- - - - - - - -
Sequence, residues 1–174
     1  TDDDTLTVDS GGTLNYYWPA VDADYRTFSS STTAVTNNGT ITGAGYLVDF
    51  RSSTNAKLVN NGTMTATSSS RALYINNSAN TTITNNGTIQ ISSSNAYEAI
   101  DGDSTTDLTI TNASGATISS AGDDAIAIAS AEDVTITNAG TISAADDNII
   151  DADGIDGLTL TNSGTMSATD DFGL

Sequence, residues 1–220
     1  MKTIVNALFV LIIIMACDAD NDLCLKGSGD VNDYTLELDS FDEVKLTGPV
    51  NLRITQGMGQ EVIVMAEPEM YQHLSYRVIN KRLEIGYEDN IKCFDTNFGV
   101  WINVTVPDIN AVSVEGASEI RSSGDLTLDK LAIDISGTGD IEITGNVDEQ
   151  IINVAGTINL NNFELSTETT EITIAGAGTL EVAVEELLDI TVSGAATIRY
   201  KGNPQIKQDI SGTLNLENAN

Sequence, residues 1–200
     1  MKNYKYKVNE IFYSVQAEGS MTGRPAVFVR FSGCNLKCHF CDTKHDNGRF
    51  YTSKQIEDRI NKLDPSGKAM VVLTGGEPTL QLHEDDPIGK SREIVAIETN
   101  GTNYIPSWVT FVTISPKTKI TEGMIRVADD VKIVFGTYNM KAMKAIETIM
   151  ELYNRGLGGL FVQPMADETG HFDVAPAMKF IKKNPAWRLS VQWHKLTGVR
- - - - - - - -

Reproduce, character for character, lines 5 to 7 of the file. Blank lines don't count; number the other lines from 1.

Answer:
   151  DADGIDGLTL TNSGTMSATD DFGL

Sequence, residues 1–220
     1  MKTIVNALFV LIIIMACDAD NDLCLKGSGD VNDYTLELDS FDEVKLTGPV